(and 3 tips for having a better design experience)
Picture this. You and your family were selected to play Family Feud – exciting! You arrive at the set and an assistant walks all of you to a green room to relax before the big game. Eventually, you make your way to the stage. The music starts, the doors open, and there’s Steve Harvey. Everyone takes their places. Steve invites you and a member from the other family up to the podium. He says, “We polled 100 people, the top 6 answers are on the board. What is the most important word in architecture?” You buzz in right away and say DESIGN.
Congrats, that’s the top answer!
You’re not the kind of family to pass, so you all decide to play.
Steve continues asking the rest of your family. They guess: FUNCTION. Ding! FORM. Ding! You’re on a roll and your family is all smiles. The guessing continues. GREEN. Ding! It’s your niece’s turn and she spent a couple of semesters in architecture school. She says: DIAGRAM. Ding!
It’s back to you. There are 99 points on the board with one answer left. If you get this, your family takes a big lead to start.
You’re not as confident now as when you said DESIGN. You pause for a moment and say SCALE. Steve looks at the board and says, “Show me SCALE.” It’s not there and you hear your first buzz.
You still have 2 more chances though.
Your dad is up and he looks confident. “I’m going to go with FAÇADE, Steve.” Your family claps and offers a chorus of “Good Answers.” Steve says, “Show me FAÇADE.” It’s not there, another buzz, and you’re down to your last guess.
The other family starts to huddle in preparation for their only guess.
It’s your spouse’s turn and they seem nervous. They sheepishly let out, SPACE. Your family claps, but it’s a different clap than before. This one is more timid, more reserved, with an air of desperation. Steve slowly turns to the board and says, “Show me SPACE.”
The producers in the control room have done this before – they’re pros. They wait just one extra second to build the drama before sending in the final buzz. Bummer.
Steve walks over to the other family. They are excited. Steve repeats the question. They say, “Steve, we’re going with FLOOR PLAN.” The audience erupts in applause. The other family’s faces beam with confident smiles. Steve smirks before turning to the board. He says, “Show me FLOOR PLAN.”
The silence is deafening, and this is the longest second of your life. Finally, mercifully, you hear the buzz you were hoping for. They got it wrong, and your family got the points.
Steve turns one last time to the board to show the final answer. He says, “The final answer to the question, What is the most important word in architecture, is……BUILDABLE.”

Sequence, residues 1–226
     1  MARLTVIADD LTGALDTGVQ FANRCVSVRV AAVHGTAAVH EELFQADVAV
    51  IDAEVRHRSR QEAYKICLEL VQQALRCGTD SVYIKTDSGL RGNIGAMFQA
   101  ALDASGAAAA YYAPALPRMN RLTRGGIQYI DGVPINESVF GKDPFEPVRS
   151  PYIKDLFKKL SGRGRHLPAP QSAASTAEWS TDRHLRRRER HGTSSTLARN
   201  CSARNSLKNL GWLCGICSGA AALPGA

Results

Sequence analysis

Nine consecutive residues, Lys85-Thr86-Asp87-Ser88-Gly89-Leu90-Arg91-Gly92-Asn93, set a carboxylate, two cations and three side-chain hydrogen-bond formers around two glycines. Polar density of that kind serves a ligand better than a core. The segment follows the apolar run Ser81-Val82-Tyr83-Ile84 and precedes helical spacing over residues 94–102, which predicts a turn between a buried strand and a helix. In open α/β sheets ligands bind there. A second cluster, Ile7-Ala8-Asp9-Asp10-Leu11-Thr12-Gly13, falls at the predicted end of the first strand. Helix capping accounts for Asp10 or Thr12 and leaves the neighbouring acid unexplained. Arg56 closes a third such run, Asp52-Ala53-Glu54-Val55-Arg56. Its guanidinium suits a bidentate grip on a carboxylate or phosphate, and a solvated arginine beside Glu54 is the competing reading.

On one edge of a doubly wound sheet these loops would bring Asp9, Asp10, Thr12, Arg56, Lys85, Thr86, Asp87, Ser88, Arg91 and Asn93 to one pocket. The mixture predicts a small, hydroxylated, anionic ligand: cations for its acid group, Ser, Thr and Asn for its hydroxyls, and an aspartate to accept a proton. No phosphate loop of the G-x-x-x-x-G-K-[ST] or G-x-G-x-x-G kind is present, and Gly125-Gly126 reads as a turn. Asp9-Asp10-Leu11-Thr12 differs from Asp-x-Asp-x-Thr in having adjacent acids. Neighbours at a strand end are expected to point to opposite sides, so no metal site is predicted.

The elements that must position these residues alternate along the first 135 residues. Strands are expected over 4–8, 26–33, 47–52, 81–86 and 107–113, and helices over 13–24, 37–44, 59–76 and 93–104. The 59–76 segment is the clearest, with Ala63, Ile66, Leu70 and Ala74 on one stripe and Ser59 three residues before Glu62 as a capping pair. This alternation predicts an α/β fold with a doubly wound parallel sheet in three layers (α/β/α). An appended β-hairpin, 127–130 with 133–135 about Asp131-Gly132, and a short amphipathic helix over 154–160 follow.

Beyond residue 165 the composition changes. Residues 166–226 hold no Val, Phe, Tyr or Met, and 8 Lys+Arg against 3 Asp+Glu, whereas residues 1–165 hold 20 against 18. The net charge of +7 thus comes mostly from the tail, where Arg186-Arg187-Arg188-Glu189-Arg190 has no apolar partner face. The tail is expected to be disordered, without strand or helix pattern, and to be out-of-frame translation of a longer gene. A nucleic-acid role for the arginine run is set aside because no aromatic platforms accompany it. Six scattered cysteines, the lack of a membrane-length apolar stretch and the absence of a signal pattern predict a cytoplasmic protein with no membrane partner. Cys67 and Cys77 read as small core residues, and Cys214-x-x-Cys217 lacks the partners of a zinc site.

As the answer gets revealed, the audience reads it aloud, but their collective inflection is more inquisitive than it is declarative. Steve turns to the audience and shrugs, remarking snarkily with classic Steve Harvey charm, “There’s always one.”
Here’s the plot twist. I’m the one.
For me, BUILDABLE is the most important word in architecture. Here’s why.
I worked at a firm once that designed really high-end single-family homes. Clients would come in ready to knock their old house down and replace it with a big, beautiful, new one. They would pay the firm a lot of money – many tens of thousands of dollars – to design their dream home. We would spend months pouring over every detail. At the end of the process, we would have a set of drawings that we would send out to builders. That’s called a bid set. We sent out the bid set and the builders would send back a quote. You can probably guess what came next.
More often than not – literally more than 50% of the time – the cost of the build was more than the homeowner wanted to spend. The big problem was that they already fell in love with the house from the plans and couldn’t bear to give up any of the details. So, they could either choose to spend more than the already-a lot-of-money they were going to spend, or they could shelve the project. It doesn’t matter how much money someone has; everyone has a budget. This scenario, unfortunately, is pretty common in architecture.
Architects get paid for their ideas and to put those ideas on paper. A very small amount (sometimes none) of the fee has anything to do with the project actually being built. If a firm has enough people coming through the door, getting projects built (and the referrals that come with it) is kind of inconsequential. This was disappointing to me as an entry level designer, and it’s even more disappointing now that I own a firm; I wake up every day with the mission to make people happier at home, and that’s only possible if the project we plan together gets built. Those early years taught me a good lesson in how I don’t want to run things at Designed Happy, and I’m appreciative for the experience.
So how do you avoid spending a bunch of money for a set of drawings that end up collecting dust in the corner of the room you were hoping to change?
Here are 3 tips:
There you have it. BUILDABLE, the most important word in architecture. There are certainly many more ways for projects to be buildable, or not, than the ones I described here – zoning ordinances, neighborhood overlays, code regulations, municipality amendments, and on and on – but you can’t control any of those, nor can I. What you can control though is how much you spend on the project, and who you choose to spend it with.
Please don’t spend your money on dusty plans.
Now that you know about the importance of your design being BUILDABLE, you can spend your time, energy, and money on working with a great designer and builder who can help you live happier at home. Give me a call if you want to chat. 571-422-2286
Bye for now.